The biggest reason is that I knew the next course I played would be my 400th! Normally, I’d try to pick somewhere very special for such an occasion, but Cypress Point pretty much represented as special as I would ever get, so the fact it was all on the same trip was good enough for me.
Secondly, I already had a Groupon voucher for this course burning a hole in my pocket. Though considered a private course, they do allow some public play through this Groupon offer ($60, which included range balls and a $5 food certificate). It wasn’t technically on my public to-do list, but it was one more Santa Barbara County course to check out while driving through the area.
Village Country Club is in Lompoc in the Vandenburg Village community. I’m not too sure about its history, but it was designed by Ted Robinson according to their scorecard.
They really treated me nice here. The clubhouse is pretty small and casual, but they welcomed me like a “member for a day” and made me feel at home. I had booked a 1:00 tee time, but it wasn’t too busy when I showed up and I ended up going off by myself around 12:45. It was a few holes before I caught anyone, but I played through one foursome on the front before hitting more groups.
When I reached the turn, the manager recommended I go back and loop around a few of the front nine holes to buy some time. The back nine was a logjam because of a members’ couples tournament, so he thought I’d like the extra space. It was a great gesture, but the idea backfired as I played the first hole and then ran into another foursome on the second tee! I decided to head back over to 10 and just wait it out, but then I lost my turn and a few groups jumped in front of me (including the foursome I had already passed awkwardly).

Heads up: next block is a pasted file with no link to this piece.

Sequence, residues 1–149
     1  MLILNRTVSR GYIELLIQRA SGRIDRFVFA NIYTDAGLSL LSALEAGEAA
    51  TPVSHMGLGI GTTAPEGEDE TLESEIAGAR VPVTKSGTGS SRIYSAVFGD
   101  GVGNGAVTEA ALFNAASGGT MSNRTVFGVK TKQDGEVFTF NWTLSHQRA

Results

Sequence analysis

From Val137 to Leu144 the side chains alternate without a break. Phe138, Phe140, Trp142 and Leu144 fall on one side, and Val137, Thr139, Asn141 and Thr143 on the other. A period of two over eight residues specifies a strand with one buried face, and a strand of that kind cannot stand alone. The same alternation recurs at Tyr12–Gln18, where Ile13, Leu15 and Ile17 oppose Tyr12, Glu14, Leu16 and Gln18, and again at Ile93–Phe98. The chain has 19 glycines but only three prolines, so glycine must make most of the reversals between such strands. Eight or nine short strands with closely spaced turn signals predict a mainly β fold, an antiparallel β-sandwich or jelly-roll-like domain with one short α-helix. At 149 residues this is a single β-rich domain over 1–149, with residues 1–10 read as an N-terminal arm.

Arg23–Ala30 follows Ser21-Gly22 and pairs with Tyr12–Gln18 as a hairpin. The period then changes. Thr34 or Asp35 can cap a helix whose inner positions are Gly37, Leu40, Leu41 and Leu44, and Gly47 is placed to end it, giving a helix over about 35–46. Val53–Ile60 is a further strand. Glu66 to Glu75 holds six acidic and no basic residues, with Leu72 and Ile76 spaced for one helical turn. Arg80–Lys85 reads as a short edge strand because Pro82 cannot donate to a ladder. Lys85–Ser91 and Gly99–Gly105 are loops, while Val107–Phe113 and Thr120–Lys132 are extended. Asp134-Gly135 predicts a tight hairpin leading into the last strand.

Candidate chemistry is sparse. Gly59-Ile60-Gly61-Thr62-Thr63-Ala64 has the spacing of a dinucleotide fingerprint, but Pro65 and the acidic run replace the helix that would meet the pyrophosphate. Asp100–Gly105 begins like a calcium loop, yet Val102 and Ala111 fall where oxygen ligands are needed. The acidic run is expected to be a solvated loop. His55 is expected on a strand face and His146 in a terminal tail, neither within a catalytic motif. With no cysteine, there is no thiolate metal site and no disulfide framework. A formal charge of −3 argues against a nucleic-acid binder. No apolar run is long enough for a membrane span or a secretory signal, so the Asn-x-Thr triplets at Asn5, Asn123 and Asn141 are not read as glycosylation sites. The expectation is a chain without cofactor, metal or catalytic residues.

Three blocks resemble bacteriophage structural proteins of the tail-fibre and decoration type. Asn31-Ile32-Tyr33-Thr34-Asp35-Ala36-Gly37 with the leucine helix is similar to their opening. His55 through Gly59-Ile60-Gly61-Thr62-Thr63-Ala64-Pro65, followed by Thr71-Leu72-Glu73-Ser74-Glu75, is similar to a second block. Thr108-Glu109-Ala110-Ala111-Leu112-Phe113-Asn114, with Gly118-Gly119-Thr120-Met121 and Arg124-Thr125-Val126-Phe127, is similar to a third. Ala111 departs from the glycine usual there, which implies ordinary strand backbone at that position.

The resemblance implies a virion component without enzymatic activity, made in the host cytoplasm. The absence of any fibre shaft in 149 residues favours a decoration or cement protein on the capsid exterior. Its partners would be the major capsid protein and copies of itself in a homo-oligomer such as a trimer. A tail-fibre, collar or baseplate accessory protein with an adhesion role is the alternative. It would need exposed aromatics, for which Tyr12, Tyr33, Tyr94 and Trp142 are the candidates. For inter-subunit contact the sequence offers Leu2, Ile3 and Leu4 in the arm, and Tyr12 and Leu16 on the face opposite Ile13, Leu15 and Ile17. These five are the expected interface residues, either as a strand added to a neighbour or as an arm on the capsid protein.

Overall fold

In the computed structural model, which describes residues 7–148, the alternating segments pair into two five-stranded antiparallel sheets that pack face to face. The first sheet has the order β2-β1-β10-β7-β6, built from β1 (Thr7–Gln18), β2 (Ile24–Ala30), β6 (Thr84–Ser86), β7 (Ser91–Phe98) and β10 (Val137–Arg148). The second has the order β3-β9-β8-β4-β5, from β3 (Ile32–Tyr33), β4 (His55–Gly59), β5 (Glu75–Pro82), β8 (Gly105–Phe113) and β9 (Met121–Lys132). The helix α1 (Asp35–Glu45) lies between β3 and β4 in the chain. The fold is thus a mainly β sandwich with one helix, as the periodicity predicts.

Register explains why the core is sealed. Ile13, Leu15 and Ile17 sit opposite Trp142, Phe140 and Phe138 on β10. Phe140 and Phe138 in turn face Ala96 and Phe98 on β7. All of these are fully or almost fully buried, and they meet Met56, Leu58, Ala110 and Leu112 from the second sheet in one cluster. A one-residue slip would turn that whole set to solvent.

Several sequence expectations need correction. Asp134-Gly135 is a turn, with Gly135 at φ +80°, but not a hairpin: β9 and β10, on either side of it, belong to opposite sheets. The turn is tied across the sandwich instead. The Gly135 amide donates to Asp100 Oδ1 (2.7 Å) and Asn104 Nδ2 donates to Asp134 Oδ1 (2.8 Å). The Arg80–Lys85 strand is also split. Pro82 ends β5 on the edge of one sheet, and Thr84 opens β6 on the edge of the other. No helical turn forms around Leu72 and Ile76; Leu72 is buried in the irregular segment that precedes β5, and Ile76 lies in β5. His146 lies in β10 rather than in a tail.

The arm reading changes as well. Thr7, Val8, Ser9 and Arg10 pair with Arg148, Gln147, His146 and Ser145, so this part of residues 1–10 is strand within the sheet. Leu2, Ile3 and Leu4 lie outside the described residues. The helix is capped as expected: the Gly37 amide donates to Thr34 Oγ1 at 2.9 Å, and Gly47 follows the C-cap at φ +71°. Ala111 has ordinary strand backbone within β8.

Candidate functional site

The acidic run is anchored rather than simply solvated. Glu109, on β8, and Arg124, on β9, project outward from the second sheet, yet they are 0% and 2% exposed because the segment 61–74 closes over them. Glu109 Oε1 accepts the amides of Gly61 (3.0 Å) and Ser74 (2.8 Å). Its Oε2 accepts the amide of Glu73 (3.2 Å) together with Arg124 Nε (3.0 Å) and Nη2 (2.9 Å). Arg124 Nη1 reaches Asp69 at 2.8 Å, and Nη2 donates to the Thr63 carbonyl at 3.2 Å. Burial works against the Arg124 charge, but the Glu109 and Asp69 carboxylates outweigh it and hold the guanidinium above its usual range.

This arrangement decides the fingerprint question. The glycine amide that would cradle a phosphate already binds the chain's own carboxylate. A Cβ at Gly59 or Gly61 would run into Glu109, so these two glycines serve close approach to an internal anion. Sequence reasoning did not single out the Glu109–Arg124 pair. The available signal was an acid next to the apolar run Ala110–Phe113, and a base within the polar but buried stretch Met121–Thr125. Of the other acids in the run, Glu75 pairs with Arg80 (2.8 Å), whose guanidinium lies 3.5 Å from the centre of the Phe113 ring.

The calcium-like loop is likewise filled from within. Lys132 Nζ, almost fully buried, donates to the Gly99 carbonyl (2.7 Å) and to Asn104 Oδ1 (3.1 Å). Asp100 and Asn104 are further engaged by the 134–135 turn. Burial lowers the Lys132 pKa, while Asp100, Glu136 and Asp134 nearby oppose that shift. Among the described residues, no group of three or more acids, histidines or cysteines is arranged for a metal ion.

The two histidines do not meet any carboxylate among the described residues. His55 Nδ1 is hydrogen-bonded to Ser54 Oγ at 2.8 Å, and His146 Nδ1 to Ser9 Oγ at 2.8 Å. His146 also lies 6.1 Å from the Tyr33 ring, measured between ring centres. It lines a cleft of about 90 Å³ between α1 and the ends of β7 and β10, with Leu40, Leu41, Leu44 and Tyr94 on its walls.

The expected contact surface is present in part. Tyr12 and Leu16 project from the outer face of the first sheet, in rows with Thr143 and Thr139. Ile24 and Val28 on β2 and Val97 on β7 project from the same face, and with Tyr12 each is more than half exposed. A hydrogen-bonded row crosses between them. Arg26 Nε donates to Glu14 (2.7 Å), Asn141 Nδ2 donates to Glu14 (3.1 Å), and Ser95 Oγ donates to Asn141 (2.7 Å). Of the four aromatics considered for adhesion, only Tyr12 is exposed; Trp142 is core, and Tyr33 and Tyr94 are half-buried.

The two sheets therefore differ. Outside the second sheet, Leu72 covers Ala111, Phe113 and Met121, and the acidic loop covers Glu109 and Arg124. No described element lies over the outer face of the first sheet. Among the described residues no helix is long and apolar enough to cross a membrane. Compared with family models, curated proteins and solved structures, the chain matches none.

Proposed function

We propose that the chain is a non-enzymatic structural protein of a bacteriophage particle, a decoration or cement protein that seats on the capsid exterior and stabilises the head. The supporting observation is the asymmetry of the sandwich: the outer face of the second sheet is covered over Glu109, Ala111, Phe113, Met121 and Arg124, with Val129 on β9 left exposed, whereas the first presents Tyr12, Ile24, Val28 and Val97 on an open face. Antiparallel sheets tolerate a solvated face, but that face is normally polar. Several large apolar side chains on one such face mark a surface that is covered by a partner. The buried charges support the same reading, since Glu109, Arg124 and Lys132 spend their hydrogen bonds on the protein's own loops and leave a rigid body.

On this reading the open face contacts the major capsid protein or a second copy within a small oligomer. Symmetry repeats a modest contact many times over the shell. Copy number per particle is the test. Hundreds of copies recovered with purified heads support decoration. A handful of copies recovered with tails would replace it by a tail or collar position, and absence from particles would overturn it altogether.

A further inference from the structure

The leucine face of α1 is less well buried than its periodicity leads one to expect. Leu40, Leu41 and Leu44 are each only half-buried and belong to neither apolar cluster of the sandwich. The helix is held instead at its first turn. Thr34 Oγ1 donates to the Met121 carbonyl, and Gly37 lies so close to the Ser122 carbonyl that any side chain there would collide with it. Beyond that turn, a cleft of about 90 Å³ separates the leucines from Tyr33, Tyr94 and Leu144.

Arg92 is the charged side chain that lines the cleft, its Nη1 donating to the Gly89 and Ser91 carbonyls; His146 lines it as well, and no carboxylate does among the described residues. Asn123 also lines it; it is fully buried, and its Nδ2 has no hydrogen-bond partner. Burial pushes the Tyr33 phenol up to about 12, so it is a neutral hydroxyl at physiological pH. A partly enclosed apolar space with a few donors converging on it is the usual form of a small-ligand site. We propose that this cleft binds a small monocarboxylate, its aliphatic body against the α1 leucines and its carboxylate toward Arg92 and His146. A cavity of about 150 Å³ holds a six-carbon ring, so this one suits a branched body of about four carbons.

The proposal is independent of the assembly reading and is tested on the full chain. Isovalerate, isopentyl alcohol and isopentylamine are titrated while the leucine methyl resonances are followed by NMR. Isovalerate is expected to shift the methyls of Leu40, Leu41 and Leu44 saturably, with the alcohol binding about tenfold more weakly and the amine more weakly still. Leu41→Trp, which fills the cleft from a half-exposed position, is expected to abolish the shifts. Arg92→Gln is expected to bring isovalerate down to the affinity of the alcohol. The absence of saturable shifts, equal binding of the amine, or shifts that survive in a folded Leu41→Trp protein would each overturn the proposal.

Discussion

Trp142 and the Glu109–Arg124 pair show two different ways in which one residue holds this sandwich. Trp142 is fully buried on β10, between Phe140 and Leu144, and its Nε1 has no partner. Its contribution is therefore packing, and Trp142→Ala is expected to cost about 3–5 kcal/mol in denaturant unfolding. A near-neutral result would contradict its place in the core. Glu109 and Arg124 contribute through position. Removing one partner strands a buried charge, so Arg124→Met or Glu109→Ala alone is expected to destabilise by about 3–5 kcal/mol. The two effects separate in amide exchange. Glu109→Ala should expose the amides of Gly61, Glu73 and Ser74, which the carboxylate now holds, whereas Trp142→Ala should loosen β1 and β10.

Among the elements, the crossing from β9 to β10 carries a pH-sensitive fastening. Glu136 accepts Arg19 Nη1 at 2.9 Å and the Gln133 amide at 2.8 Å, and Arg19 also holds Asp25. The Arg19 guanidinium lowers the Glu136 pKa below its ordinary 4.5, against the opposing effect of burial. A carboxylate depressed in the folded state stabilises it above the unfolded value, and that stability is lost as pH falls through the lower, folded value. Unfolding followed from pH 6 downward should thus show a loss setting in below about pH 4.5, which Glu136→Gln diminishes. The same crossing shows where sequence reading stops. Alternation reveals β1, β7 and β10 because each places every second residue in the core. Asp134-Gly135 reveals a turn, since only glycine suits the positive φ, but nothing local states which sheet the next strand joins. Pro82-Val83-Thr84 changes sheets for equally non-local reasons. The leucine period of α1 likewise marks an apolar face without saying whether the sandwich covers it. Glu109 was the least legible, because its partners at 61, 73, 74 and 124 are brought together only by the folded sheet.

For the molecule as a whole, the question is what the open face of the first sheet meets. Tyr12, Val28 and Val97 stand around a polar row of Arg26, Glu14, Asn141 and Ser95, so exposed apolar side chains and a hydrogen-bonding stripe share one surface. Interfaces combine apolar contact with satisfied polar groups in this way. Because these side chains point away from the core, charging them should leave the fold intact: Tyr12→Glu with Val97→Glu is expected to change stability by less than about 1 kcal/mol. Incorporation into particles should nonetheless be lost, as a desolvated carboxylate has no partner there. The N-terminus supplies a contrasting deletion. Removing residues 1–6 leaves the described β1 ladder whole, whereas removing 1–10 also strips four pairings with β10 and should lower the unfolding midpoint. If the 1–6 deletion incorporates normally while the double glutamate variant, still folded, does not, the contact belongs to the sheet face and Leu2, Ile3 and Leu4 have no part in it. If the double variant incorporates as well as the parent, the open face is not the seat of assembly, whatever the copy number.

I skipped around on the back nine playing open holes where I could find them and ultimately got them all in without too much trouble. It seemed very slow at times, but I ended up finishing in about 3 hours, 15 minutes. The overall pace was way better than I realized! One of the perks of country club golf, I guess.
There aren’t too many holes that really jump out at you at Village Country Club, but it’s a very enjoyable overall course. The setting is pleasant as it winds through some mildly hilly terrain and some nice little neighborhoods. There are lots of old oak trees on the property and plenty of them come into play.
The holes that do stand out most in my memory are the 2nd and the 10th. The 2nd is a par-3 with an elevated tee shot and a nice view of the clubhouse and other parts of the course in the background. The 10th is a great par-4 with an elevated tee. There’s a big oak tree sitting right in the middle of the fairway, but the shot for most is to hit right over the top of it. From there, you’ll be left with an uphill, semi-blind approach to the elevated green.
Overall, a round at Village Country Club is just a nice experience. The course is interesting, but not overly challenging (average, I’d say). The setting is great. And, the people are very friendly. Though I am not a play-the-same-course-every-day type of guy, it is the kind of club I could imagine joining some day. It’s not pretentious, but the quality is definitely there.
The course was in great shape, as well. The fairways were a bit dried out in places, but I always had excellent lies and consistent hitting surfaces. The rough was pretty lush and level. It was not deep at all, so the ball sat up well. I was in one bunker and it was nice. The greens were also fantastic. They were not as fast as they looked, but were very soft/receptive while rolling smooth at medium speeds.
If you can get up to Lompoc, I would recommend taking advantage of this Groupon offer while you can. It’s worth every penny of $60 and there were no date/time restrictions. I would still take La Purisima over Village CC, but I’d definitely take it over Marshallia Ranch if I’m comparing the three Lompoc area courses.
Some pictures from Village Country Club (11/24/13):
Appropriate spot for a suggestion box: